There was a time where I got at least five requests in one day and I almost lost my mind. I can imagine how people with 3,000 emails in their inbox feel.

Email clients are important. Still, there feels like most are missing critical features.

  1. Meaning they come back. 

  2. Actually it was in Apple’s Work feature on the App Store. 

  3. This depends on whether the sender allows email unsubscribes. 

  4. Still waiting for this to make its way to iOS. 

  5. And offering an apology to the team. 

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PDF to Word Converter for iOS: Review

  • 2 min read

Cometdocs was gracious enough to provide me with a full review copy of PDF to Word Converter. Note: this does not affect my review.

For businesses and power users who work with a lot of PDFs, converting to and from PDF on iOS can be cumbersome. Going all in on the iPad as a platform means that many people need a powerful app to convert between different formats.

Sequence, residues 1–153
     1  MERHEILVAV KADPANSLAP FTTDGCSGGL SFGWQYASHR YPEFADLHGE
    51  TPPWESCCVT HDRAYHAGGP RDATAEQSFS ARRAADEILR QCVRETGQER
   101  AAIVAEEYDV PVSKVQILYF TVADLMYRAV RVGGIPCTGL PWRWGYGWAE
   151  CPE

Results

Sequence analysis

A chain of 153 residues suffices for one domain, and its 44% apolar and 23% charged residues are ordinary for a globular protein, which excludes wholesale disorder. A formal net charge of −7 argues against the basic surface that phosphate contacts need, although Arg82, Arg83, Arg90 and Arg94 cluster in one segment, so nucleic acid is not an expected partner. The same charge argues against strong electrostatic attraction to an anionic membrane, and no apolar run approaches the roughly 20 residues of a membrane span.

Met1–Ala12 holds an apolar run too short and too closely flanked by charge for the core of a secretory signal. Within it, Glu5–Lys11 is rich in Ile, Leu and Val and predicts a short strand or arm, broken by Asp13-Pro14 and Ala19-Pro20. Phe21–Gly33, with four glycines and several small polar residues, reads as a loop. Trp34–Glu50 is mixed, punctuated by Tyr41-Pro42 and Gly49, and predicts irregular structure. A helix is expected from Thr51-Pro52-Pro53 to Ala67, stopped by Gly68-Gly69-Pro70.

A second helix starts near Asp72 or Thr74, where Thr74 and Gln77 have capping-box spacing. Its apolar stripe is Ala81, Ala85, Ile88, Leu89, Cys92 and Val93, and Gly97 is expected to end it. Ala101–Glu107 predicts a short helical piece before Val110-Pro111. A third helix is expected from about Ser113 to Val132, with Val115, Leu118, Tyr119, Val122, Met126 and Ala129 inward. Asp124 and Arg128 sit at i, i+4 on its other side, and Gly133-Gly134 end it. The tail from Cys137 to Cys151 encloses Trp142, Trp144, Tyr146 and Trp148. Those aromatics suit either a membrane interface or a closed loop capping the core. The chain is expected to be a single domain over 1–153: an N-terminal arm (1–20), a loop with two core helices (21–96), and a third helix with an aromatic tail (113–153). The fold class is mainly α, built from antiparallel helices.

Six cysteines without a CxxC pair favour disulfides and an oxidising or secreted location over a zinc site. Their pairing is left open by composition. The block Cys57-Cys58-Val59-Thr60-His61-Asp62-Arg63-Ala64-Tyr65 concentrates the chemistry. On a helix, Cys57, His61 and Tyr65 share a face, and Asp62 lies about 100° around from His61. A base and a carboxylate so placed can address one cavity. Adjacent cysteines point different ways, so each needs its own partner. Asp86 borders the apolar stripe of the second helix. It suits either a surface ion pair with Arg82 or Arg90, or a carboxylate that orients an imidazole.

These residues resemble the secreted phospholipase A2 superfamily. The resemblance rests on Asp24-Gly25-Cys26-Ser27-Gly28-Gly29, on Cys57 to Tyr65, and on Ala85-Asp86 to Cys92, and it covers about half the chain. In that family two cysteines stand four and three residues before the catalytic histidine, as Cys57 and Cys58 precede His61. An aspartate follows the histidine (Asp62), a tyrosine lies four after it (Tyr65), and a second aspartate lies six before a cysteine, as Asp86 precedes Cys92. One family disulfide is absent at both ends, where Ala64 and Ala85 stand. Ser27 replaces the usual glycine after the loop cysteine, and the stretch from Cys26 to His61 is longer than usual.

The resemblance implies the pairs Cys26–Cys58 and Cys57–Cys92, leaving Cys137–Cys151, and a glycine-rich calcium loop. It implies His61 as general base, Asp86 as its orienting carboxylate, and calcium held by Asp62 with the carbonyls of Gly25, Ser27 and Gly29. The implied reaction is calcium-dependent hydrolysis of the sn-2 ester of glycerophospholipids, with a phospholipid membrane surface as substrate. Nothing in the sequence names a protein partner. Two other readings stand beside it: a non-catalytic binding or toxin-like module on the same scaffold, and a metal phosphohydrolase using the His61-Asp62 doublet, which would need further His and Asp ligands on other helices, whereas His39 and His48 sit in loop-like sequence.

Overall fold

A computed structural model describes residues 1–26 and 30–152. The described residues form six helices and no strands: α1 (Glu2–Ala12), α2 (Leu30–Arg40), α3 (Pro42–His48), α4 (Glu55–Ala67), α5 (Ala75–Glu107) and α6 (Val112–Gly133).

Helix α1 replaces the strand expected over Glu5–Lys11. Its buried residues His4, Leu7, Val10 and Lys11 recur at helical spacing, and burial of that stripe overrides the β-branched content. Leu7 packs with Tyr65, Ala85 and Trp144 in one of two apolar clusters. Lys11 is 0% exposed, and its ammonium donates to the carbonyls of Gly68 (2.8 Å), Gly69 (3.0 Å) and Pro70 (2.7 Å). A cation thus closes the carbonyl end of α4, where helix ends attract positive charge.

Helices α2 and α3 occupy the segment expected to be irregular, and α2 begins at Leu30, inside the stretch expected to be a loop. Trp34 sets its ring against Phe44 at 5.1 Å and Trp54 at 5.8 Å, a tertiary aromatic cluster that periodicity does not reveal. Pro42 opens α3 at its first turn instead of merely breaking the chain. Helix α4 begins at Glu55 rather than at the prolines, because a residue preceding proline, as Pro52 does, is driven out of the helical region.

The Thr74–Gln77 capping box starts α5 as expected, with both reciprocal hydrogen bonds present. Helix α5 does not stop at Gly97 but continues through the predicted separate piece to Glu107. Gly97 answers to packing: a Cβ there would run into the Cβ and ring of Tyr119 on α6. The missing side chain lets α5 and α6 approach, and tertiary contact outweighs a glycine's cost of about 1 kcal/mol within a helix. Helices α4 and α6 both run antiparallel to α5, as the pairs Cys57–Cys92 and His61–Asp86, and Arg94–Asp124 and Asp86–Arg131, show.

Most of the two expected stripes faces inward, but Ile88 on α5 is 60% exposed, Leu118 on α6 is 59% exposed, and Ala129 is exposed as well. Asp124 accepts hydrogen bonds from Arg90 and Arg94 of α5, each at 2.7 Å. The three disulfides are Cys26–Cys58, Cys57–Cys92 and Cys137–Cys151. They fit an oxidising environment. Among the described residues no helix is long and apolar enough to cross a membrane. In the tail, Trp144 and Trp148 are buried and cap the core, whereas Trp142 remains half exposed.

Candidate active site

There are several apps that can do this. One in particular is PDF to Word Converter by Cometdocs.

It is free to try but there are three IAP. One is for lifetime unlimited access to the fast conversion for $9.99. The second is for linking of services, which is not clear what that means, for $1.99. For using for a business, you have to pay another $49.99.

Using the App

Upon opening the app, you are greeted with the following screens:


You are presented with a lot of cloud and local options, as well as the ability to add from the web.

This view, unfortunately, does not rotate to landscape, which is how I use my iPad.

The design is clean but unwieldy.

Connecting a cloud provider is simple yet searching for your documents isn’t.

There is no search option so if you have a lot of folders and documents stored in Dropbox, it is hard to actually find them. The folders and documents aren’t sorted in alphabetical order, and there are no sort options available.


Conversion with the fast conversion is fairly quick, but if you have graphics of any kind, the Word conversion is extremely poor.



[caption id=”attachment_2355” align=”aligncenter” width=”845”]Feedly in Dropbox as PDF Feedly in Dropbox as PDF[/caption]